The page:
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Amazon launches QVC-style livestream shopping in India

Amazon has launched QVC-style livestream shopping in India, the company said Friday, broadening its offerings in the key overseas market where it has deployed over $6.5 billion to win customers.

The retail group has rolled out the new service, called Amazon Live, bringing an army of more than 150 creators to host livestreams and plug products in the videos. The idea is, influencers, with already a large following, will drive their fans to the shopping app and influence them into buying products. They get a cut each time they are able to make a sale.

Amazon Live is currently hosting livestreams across several categories, including electronics, fashion and beauty, and home decor. The videos were averaging 30 to 600 simultaneous views at the time of publication. The company says it will run 15 livestreams a day between 10 am to 1 am. During the company's ongoing festive sale, it expects to stream over 450 hours of content.

The launch follows Walmart-owned Flipkart, Amazon's chief rival in India, also testing a similar offering on its app early this year. Amazon itself quietly launched Live in the U.S. in 2019, attempting to get a slice of a nascent shopping trend made popular by YouTube, TikTok and Instagram.

The live content on Amazon will include streams from mainstream celebrities including Bollywood actor Parineeti Chopra and Indian badminton player Pusarla Venkata Sindhu (PV Sindhu). Other than offering livestreams, Amazon Live will allow customers to communicate directly with influencers through comments. This brings the requirement of moderation — to avoid instances of abuse and hatred.

Kishore Thota, director, Customer Experience & Marketing, Amazon India, told TechCrunch in an interview that the company wants to bring different "thought leaders" in particular spaces. "Even if we take like what we call celebrities, we look at topics where they are respected for their thought leadership in that space. So, the movie celebrity could be there but it's not just because there are movie celebrities, they are movie celebrities but probably they know really well about dressing for a special event," he said.

Live shopping originally gained traction in China, where many influencers consistently sell items worth millions of dollars in a single broadcast. Austin Li, a popular influencer, sells more than $1 billion worth of goods in a session.

But whether the model will work in India remains a big question.

In the meantime, New Delhi is preparing to tighten rules to root out fake and paid reviews of products on e-commerce websites and social media platforms. A framework of regulations targeting people who endorse merchandise will soon be released, the government has said. Amazon said it will always make sure it is compliant with local laws.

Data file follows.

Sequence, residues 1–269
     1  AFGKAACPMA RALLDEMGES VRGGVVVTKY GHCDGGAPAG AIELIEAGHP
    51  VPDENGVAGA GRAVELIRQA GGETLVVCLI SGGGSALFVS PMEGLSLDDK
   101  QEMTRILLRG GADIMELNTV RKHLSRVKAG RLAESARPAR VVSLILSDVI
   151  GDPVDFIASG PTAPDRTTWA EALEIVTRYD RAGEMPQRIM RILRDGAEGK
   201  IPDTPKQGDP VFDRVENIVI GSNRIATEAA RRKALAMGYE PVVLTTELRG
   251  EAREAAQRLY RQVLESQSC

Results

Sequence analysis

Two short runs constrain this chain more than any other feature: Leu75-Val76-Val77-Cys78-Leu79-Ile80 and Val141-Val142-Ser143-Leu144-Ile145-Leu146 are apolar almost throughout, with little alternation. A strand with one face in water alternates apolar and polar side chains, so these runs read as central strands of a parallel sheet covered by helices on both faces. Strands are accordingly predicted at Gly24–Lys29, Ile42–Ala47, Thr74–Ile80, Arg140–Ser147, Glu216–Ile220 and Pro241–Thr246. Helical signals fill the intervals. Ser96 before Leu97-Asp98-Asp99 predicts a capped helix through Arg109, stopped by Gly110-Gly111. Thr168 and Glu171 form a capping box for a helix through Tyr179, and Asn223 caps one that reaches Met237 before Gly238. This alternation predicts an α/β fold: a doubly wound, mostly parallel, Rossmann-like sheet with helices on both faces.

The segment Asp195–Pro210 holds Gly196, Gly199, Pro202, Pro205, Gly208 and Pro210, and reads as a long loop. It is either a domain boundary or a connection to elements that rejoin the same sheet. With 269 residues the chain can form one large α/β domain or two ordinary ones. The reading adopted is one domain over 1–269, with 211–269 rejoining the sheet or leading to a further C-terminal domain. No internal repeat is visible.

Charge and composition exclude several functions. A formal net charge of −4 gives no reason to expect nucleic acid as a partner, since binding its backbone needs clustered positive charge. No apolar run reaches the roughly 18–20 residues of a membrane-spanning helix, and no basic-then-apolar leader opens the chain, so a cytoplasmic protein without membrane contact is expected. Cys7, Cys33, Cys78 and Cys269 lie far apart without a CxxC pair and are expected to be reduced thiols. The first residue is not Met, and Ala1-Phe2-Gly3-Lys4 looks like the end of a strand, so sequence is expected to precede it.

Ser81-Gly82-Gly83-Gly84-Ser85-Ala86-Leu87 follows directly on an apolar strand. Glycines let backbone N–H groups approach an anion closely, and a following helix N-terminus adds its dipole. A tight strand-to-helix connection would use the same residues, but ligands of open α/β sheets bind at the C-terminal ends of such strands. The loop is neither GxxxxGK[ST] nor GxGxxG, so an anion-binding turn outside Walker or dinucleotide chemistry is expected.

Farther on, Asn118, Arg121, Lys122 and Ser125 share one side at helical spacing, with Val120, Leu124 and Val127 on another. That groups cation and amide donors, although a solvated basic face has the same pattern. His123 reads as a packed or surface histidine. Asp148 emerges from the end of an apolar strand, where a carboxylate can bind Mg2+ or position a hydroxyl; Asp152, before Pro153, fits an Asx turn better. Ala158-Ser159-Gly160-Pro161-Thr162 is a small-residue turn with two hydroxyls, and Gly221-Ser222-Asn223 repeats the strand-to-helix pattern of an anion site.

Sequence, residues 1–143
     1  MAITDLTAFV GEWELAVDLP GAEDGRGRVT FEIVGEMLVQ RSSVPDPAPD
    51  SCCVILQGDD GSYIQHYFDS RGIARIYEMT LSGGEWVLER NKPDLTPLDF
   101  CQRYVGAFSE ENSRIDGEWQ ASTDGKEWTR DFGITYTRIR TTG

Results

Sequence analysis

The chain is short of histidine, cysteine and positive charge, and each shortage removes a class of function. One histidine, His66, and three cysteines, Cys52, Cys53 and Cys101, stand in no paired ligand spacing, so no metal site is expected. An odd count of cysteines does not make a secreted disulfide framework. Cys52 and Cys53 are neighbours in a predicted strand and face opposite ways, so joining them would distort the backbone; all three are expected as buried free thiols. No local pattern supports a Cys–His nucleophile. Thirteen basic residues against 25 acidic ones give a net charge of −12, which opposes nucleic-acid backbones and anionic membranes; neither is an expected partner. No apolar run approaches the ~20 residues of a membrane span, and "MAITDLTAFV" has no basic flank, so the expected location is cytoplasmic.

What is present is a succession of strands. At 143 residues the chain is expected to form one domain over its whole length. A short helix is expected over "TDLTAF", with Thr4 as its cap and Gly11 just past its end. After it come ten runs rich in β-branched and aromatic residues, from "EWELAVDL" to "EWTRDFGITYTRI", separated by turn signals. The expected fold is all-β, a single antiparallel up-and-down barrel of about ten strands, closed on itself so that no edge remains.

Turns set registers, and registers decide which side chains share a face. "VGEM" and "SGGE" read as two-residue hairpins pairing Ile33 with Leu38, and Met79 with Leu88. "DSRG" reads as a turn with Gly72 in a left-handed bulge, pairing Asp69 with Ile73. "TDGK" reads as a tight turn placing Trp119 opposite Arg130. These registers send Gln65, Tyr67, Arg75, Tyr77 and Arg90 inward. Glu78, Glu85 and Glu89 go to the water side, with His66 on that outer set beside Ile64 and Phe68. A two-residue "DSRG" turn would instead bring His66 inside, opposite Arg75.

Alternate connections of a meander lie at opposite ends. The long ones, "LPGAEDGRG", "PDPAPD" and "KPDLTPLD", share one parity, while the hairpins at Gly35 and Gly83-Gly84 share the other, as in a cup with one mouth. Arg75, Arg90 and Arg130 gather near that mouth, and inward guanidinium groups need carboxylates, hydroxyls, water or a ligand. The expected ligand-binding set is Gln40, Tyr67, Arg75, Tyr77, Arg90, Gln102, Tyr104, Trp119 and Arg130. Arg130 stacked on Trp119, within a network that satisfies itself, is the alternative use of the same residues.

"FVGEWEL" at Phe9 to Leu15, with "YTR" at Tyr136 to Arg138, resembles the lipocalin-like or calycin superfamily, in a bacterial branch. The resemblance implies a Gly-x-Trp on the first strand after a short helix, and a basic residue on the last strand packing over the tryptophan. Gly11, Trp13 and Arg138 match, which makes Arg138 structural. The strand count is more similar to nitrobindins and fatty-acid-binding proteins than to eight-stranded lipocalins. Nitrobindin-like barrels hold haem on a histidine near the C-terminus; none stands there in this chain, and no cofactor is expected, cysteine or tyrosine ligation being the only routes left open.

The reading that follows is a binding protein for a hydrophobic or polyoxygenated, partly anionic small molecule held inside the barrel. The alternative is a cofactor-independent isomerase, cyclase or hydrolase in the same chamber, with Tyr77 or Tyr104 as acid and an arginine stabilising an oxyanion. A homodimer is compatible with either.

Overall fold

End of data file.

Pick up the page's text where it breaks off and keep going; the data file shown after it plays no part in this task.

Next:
Amazon Live section on the Indian shopping app. Image Credits: TechCrunch screen capture

On an FAQ page, Amazon has identified the influencer program as an extension of its Amazon Associates (affiliate) program. The company requires these influencers to have an account with YouTube, Instagram, TikTok or Facebook to qualify.

Thota said that Amazon uses its existing moderation techniques, including machine learning algorithms, to eliminate foul language in real time. Although Amazon will be able to attract customers to buy new products through its live commerce experience, Thota said the company is currently not paying any emphasis to the sales side of the move and focusing primarily on getting more customer engagements through live streams.

Influencers have a significant role in what they want to talk about during their streams, he said. He, though, mentioned that sellers could transform into big influencers on the platform over time. "We will work towards it as well to make it as prevalent with small businesses, individual sellers and really empower individuals with the best knowledge of that product in that space to become the influencer in this context," he said.

Amazon is lagging Flipkart in India on several key metrics and struggling to make inroads in smaller Indian cities and towns, according to a recent report by investment firm Sanford C. Bernstein. Amazon has so far offered “a weaker proposition in ‘new’ commerce” in the country, the report added, pointing to innovations by Flipkart and unicorn social commerce platforms Meesho and DealShare.

At stake is one of the world’s last great growth markets. The e-commerce spending in India, the world’s second-largest internet market, is expected to double in size to over $130 billion by 2025.

The story was updated with official comments from Amazon.